From what I understand, a 32-bit process can only access 2 GB of memory on 32-bit Windows without the /3GB switch, and that some of that memory is taken up by the OS for its own diabolical reasons. This seems to mesh with my experience as we have an app that crashes when it reaches around 1.2 - 1.5 GB of RAM without memory exceptions, even though there is still plenty of memory available.
Would moving this 32-bit application to 64-bit Windows allowing it accesses more than 1.5 GB it can now? Would the application itself have to be upgraded to 64-bit?
Newer versions of Visual Studio have a new flag which make 32-bit apps "big address space aware". Basically what it does is say that if it's loaded on a 64-bit version of windows, then it will get 4GB (the limit of 32-bit pointers). This is certainly better than the 2 or 3 GB you get on 32-bit versions of windows. See http://msdn.microsoft.com/en-us/library/aa366778.aspx:
Most notably it says:
Limits on memory and address space
vary by platform, operating system,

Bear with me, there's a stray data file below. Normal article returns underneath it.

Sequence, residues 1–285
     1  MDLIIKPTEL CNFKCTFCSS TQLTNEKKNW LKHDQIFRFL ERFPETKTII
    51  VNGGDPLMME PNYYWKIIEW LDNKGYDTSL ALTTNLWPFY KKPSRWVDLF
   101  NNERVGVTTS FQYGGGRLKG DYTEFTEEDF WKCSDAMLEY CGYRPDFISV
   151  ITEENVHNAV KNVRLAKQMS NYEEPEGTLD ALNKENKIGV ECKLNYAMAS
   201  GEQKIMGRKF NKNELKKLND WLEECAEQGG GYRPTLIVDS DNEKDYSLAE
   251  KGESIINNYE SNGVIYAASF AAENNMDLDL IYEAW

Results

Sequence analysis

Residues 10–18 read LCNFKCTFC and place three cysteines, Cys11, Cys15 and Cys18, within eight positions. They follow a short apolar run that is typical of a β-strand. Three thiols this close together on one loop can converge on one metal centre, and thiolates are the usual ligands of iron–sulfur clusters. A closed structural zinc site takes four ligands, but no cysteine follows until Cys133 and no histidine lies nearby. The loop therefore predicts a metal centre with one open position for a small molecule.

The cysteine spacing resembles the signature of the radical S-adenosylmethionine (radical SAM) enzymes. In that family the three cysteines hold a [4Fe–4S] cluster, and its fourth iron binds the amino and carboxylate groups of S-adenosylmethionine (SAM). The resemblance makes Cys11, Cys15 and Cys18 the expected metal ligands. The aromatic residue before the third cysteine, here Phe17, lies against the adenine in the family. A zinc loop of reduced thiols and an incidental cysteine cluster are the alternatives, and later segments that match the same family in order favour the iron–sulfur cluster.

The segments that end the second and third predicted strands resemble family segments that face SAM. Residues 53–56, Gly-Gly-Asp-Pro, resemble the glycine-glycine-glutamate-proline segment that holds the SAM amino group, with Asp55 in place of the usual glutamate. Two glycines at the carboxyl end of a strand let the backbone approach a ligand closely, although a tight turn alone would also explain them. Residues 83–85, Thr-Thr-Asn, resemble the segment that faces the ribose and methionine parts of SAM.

and by whether the
of the LOADED_IMAGE structure and
4-gigabyte tuning (4GT) are in use.
IMAGE_FILE_LARGE_ADDRESS_AWARE is set
or cleared by using the
/LARGEADDRESSAWARE linker option.
Yes, under the right circumstances, a 32-bit process on Windows can access a full 4GB of memory, rather than the 2Gb it's normally limited to.
For this to work, you need the following:
The app must be running on a 64-bit OS
The app must be compiled with the /LARGEADDRESSAWARE flag.
The app should be tested to make sure it actually works properly in this case. ;) (specifically, code that relies on all pointers pointing to addresses below the 2GB boundary will obviously not work here)
Your app will be limited by the pointer size, in your example 32 bits.
If your app was to access more memory then you would need some sort of segmented memory architecture like we had in the 16 bit days where apps used 16bit pointers and offsets to access the full 32bit memory space.